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Seahawks players off, but in “extraordinarily competitive time”

Darin Gantt

Since players around the league have roughly the next six weeks off, there’s only so much coaches can expect of them.

Mostly, it’s a quick prayer that they don’t get arrested, or as Andy Reid said: “Don’t come back on crutches.”

Seahawks coach Pete Carroll looks at it differently.

Via Gregg Bell of the Tacoma News Tribune, Carroll called the summer break “an extraordinarily competitive time.

“So many things can happen. Guys can go south on you. They can get better. They really can make it; changes can occur right now,” Carroll said. “And we’re really trying to focused about it, hoping our guys [are on board].

“We have helped them create a plan for their offseason, to make sure that they are coordinated and they are organized, and that they will max this out.”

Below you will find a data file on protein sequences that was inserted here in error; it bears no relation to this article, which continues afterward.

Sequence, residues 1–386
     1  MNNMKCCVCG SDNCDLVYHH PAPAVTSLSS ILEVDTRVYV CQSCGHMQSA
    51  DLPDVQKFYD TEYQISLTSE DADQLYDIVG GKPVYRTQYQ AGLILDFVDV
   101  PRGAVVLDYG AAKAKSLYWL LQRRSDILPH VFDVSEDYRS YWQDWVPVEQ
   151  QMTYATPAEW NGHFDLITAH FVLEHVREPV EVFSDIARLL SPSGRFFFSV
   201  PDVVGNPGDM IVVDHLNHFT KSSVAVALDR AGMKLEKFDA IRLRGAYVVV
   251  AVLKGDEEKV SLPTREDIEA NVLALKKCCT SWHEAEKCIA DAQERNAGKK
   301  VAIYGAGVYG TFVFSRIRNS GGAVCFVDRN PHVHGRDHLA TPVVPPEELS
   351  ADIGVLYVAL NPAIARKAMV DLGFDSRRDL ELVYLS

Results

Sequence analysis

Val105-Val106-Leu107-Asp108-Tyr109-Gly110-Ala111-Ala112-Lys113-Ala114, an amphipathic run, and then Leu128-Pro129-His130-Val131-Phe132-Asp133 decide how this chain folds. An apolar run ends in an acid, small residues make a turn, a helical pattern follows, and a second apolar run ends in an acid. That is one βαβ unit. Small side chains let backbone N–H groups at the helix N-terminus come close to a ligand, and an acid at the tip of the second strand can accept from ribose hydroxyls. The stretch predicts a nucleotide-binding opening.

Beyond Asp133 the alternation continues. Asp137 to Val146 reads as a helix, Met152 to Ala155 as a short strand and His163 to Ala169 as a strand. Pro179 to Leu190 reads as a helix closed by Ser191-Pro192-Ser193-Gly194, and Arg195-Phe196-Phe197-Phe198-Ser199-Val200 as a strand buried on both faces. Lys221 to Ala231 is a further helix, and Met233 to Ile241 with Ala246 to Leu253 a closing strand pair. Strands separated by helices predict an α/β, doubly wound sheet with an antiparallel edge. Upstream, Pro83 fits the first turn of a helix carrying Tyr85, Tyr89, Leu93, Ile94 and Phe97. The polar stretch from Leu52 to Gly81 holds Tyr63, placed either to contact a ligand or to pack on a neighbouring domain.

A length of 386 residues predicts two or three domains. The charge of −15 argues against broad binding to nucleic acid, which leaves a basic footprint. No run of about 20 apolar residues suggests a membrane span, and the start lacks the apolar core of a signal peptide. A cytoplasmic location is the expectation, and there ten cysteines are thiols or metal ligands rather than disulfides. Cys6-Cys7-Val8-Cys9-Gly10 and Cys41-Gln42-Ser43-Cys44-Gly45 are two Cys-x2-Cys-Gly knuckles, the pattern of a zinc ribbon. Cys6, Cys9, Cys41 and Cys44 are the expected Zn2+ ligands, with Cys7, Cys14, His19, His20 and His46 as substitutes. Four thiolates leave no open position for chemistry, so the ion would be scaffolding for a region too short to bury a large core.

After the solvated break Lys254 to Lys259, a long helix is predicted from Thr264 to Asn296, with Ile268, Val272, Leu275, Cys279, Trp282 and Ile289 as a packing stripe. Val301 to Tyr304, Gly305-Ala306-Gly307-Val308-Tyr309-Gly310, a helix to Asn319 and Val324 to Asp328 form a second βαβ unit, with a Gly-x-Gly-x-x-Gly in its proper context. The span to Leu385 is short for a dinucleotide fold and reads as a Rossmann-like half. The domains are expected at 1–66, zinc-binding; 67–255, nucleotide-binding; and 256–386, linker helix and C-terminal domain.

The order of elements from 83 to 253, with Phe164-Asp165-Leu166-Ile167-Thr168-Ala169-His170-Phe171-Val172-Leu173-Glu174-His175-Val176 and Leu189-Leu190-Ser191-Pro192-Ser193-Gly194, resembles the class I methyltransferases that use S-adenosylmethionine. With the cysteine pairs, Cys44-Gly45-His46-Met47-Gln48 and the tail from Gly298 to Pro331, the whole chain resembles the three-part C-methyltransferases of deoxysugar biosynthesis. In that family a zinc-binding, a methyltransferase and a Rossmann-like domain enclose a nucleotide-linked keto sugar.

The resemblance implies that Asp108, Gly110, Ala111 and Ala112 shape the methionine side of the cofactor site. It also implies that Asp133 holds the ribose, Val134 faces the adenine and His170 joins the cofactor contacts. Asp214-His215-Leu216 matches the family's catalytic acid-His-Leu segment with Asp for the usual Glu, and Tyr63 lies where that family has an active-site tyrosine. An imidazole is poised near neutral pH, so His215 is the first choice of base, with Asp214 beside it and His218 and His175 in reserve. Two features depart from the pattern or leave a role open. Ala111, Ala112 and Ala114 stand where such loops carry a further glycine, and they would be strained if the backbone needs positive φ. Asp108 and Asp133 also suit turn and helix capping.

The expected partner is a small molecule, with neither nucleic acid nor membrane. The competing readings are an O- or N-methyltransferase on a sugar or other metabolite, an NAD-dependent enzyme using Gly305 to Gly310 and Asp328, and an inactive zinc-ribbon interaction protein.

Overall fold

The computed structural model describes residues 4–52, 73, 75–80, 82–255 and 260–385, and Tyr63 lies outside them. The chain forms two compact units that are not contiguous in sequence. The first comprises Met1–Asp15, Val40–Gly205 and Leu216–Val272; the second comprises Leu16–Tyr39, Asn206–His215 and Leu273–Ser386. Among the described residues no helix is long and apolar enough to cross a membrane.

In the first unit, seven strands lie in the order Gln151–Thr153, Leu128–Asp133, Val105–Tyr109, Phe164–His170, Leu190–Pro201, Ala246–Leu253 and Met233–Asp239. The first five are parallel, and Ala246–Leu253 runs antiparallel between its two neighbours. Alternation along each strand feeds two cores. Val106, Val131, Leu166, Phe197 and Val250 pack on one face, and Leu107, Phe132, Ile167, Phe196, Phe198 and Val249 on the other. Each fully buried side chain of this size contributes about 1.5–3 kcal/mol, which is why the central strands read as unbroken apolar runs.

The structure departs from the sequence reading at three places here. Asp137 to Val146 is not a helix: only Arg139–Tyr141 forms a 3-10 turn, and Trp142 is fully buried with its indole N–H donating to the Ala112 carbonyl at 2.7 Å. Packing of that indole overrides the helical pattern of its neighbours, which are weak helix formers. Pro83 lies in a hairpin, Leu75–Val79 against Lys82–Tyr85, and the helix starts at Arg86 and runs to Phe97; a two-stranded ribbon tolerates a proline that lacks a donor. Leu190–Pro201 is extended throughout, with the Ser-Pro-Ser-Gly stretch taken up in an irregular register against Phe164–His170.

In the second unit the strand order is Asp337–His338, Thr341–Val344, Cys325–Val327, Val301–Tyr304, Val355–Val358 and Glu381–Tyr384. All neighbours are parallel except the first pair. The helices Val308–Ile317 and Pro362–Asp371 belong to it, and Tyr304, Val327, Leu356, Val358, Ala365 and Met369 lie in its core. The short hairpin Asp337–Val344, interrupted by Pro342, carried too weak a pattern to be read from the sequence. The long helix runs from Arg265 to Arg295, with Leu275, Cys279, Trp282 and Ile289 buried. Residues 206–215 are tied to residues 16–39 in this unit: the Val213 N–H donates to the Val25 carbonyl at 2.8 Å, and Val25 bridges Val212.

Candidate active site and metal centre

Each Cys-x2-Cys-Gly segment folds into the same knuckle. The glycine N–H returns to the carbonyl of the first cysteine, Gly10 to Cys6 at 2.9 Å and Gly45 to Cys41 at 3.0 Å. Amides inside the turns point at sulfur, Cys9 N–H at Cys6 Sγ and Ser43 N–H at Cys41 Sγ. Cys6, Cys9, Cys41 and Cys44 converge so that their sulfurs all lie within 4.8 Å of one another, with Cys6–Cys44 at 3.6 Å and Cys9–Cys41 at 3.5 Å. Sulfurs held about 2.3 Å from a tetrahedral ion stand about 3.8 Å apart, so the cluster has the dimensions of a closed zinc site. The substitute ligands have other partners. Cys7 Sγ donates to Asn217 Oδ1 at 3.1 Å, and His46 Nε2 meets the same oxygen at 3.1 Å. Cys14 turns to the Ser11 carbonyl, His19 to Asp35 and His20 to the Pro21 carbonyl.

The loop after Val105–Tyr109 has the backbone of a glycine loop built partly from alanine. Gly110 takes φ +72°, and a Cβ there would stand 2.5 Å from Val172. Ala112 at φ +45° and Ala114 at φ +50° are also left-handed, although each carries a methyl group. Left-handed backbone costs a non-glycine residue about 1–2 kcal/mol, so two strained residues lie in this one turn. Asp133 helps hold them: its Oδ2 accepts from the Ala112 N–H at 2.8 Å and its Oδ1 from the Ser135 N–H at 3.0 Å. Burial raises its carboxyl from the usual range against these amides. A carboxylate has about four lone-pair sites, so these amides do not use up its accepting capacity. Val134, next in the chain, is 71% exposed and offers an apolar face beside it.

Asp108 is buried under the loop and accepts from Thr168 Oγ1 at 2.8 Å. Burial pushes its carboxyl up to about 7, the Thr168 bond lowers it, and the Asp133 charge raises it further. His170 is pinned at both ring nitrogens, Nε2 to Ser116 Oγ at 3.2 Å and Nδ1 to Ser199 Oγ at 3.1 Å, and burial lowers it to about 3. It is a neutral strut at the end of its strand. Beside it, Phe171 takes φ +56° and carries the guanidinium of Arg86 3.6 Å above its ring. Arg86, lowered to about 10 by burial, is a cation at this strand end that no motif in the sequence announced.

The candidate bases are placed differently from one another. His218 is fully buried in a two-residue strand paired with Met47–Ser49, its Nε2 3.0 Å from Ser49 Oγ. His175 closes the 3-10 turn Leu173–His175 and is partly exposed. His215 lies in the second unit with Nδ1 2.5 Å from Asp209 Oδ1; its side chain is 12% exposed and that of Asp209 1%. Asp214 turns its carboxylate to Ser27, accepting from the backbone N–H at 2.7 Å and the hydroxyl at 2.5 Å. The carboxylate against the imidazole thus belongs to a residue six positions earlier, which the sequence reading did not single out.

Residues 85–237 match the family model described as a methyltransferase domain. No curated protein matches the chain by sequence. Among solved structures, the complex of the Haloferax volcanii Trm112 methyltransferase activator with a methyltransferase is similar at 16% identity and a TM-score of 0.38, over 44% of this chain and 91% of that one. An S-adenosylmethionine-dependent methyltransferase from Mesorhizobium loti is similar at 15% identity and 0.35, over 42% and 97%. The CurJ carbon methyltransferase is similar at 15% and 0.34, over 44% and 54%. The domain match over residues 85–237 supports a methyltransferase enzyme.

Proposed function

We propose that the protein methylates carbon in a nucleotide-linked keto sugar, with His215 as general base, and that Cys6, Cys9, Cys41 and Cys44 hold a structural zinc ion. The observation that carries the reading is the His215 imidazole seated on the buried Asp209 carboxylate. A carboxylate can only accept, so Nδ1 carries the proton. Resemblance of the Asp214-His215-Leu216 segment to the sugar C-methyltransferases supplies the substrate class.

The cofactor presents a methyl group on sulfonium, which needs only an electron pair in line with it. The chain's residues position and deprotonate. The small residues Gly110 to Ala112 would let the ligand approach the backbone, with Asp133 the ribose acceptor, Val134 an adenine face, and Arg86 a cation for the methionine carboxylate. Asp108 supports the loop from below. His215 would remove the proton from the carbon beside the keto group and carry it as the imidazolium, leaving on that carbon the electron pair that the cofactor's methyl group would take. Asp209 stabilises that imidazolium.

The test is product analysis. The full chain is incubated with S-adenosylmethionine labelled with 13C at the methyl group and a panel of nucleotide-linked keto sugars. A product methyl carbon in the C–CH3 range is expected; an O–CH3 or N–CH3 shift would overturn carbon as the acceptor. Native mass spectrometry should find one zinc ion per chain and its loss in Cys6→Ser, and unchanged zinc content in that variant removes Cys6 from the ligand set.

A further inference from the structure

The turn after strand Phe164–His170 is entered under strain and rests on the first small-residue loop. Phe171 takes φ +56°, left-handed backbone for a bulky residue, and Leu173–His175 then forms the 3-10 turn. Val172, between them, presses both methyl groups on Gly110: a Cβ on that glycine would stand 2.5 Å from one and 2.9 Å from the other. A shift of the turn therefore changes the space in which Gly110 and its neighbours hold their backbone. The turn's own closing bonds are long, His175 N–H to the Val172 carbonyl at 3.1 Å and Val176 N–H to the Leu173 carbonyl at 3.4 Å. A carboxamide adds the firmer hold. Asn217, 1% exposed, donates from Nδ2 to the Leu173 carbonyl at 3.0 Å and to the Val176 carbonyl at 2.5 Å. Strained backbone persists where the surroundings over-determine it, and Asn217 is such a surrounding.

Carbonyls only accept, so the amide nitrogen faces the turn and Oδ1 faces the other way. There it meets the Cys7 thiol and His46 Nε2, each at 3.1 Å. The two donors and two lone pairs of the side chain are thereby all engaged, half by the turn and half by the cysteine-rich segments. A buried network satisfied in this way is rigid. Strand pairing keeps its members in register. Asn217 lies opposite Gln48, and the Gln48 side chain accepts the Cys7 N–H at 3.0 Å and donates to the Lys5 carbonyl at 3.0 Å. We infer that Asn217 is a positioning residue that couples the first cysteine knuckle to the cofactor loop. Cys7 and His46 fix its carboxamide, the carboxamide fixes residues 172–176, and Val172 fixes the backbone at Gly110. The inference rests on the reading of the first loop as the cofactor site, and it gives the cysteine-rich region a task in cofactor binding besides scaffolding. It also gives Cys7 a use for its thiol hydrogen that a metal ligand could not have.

The Seahawks give players individual and custom training plans for the break. Now, they can’t call players to make sure they’re doing them, but there’s a clear expectation to participate. Carroll said the goal is to minimize soft-tissue injuries in training camp after players have had a long break, since the pace will be fast when they resume.

“We have a lot of guys working out in different areas, and they know where everybody is. I’m hoping that we feed off one another and put forth a great six weeks,” Carroll said. “There is no reason, there is no reason, every one of these guys shouldn’t come back in the best condition of their life. This is the only season they have in their life, and they should do everything they can to do that.

“That has been the message. So they’ve been challenged, to make the most of this. I don’t know what other teams are doing. But this is crucial to us. We have to do a great job here. We will win games here, in these next six weeks. So, counting on them.”

Some will take the plan more seriously than others, obviously. But the Seahawks under Carroll preach an “always compete” mantra, and perhaps that (and quarterback Russell Wilson and a good defense) is why they’ve always been competitive.